Before that spring, fields were just fields. We’d crossed the empty fields behind the civic centre countless times, a shortcut home, a shortcut to the market where we would fill our pockets with chocolate bars, licorice whips, gummy bears. Then, they were just fields.
1985, and we were innocent. Our streets were busy with kids, shouts from mothers calling us in for dinner. We played kick the can. Freeze tag. Red light, green light. Bicycles were strewn on lawns, forgotten. But then, he took the girls in that field. We knew them. They were us.
Whispers passed between mothers, assemblies were held at school, where we were warned not to go anywhere with a stranger, where we were told to always remain in groups. Now, even walking in twos was unsafe. He had changed that. Our mothers turned the TV’s on low when newscasts came on, but still we heard enough. We knew he had hurt them, but could not yet imagine how. Yellow Neighbourhood Watch stickers went up in windows. Mothers drove us to school in the morning now. Our fathers added new deadbolts to the doors. A gesture only, we knew, because those girls had been taken in daylight, the hours that were supposed to be safe.
What else did we know? Candy was crushed beneath the girl, sticky and gummy on the back of her T-shirt. The field would have been warming from early spring sun. Moments before, the girls had purchased slushies and five cent candies at the market across the street. The sting of sugar still on their tongues.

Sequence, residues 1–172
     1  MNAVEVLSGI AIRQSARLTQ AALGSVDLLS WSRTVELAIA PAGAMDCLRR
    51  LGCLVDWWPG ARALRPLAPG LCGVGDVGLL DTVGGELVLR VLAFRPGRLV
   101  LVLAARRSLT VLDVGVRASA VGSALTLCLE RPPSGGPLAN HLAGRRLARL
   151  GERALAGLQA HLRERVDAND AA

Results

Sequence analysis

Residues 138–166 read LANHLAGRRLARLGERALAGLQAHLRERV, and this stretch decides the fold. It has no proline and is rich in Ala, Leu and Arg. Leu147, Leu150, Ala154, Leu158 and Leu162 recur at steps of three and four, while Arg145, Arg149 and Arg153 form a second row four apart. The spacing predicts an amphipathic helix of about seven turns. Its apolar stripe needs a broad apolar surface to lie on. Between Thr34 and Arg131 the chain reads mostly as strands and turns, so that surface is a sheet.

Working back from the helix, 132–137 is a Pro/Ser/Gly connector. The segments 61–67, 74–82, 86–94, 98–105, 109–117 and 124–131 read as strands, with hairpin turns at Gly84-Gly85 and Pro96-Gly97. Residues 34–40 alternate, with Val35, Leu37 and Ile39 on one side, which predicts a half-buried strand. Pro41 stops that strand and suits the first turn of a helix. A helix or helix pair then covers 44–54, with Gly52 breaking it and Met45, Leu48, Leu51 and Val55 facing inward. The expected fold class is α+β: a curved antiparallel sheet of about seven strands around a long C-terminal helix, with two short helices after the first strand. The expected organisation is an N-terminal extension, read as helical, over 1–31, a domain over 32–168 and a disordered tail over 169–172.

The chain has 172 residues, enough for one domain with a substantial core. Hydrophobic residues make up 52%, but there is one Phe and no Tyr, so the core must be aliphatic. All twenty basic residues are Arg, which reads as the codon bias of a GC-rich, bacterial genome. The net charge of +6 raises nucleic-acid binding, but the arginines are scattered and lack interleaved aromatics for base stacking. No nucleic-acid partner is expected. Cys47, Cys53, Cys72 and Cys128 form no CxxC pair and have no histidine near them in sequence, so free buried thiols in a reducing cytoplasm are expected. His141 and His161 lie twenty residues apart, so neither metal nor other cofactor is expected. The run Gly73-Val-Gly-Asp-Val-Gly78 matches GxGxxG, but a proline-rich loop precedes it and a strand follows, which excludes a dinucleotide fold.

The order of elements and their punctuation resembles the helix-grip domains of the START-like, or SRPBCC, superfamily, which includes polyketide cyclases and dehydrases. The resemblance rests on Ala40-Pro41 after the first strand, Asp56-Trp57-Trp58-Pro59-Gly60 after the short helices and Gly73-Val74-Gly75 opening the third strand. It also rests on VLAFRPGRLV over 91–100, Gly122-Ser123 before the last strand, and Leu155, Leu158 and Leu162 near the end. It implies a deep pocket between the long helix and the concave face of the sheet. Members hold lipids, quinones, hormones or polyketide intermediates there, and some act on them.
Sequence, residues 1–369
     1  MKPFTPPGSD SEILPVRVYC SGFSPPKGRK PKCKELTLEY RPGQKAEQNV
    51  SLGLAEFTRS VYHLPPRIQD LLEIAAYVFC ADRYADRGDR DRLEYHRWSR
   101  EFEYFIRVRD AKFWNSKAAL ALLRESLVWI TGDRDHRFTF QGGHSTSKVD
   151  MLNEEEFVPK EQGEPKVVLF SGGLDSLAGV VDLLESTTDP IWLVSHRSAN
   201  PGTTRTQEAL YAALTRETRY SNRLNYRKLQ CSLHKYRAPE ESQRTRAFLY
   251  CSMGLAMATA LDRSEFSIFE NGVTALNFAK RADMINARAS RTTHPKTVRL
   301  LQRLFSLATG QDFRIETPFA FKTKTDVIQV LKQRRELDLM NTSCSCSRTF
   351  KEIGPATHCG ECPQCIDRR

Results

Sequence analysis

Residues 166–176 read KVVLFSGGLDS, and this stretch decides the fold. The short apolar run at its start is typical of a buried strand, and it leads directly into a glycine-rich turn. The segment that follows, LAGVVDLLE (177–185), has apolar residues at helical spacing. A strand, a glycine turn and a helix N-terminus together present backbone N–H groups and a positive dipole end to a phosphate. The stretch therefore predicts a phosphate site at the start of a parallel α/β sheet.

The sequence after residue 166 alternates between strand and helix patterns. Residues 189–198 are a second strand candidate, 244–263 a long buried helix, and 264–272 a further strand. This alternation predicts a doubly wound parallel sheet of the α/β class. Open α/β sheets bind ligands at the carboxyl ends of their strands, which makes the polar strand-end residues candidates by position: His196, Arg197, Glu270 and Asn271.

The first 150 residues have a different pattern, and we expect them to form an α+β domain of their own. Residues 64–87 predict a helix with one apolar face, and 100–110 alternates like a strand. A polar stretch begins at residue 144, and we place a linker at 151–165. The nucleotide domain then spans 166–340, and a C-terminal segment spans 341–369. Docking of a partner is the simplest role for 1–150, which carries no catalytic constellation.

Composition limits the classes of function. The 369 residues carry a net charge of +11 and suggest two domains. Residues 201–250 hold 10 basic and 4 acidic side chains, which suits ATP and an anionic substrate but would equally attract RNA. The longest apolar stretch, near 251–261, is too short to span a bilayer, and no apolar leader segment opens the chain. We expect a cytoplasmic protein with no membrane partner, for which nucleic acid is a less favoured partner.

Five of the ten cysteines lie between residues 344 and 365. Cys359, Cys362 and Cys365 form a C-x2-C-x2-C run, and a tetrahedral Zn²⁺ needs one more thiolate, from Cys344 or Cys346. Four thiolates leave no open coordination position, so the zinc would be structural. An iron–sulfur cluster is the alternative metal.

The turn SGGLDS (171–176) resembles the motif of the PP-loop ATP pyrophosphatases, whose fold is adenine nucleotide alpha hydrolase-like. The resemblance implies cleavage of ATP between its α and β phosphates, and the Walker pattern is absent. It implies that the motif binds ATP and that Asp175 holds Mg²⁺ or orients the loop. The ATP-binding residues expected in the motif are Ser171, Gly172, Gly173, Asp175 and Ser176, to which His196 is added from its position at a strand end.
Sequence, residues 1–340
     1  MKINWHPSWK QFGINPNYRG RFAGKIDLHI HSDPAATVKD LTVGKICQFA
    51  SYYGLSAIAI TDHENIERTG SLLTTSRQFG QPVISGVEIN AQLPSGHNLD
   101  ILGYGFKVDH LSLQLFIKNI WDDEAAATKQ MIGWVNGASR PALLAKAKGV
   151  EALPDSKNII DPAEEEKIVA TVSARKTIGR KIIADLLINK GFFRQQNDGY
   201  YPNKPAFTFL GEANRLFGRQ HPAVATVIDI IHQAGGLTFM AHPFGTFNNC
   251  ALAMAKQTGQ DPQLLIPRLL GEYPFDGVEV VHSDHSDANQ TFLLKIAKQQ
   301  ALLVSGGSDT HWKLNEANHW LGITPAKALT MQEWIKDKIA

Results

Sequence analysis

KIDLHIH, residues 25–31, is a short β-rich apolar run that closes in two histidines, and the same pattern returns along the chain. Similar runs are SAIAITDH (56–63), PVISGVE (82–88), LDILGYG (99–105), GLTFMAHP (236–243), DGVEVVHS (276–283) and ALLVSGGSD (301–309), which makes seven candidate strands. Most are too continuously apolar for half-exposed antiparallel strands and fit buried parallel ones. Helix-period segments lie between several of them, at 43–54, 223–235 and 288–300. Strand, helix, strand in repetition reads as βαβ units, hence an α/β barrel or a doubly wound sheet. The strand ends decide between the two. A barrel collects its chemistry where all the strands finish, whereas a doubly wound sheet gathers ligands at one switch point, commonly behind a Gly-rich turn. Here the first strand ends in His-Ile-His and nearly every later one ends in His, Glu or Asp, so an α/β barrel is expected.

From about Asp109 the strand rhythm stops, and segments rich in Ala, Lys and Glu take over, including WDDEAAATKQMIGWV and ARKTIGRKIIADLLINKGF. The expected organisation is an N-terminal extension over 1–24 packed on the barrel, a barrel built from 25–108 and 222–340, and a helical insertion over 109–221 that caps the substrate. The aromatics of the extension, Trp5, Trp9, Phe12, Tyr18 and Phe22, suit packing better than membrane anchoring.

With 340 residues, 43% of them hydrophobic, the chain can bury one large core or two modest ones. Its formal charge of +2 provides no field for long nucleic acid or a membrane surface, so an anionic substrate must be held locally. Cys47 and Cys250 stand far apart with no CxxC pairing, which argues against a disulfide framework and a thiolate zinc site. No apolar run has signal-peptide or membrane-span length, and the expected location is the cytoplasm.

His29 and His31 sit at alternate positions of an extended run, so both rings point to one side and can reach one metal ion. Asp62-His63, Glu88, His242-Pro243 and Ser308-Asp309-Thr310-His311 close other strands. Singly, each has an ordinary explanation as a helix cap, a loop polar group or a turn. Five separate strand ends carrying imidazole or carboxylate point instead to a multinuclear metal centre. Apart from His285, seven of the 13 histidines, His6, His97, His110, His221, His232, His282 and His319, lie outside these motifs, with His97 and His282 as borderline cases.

It didn’t matter how he got them there—each lie worked, worked just as well as on all those other girls. The list grew, endless, spooling out. Vancouver, Langley, Burnaby. His fingerprints across all that geography. He put a paper bag over his head. He said, Make love to me. What do little girls know about love? The girl shut her eyes. He told her friend to watch.
There were birds in the trees, trilling about spring coming early. The sound of laughter echoed from the street beyond, other kids walking home from school, their backpacks heavy with math worksheets, social studies textbooks. The girls heard them, and prayed for someone to trample the long grass, save them. They didn’t even know what being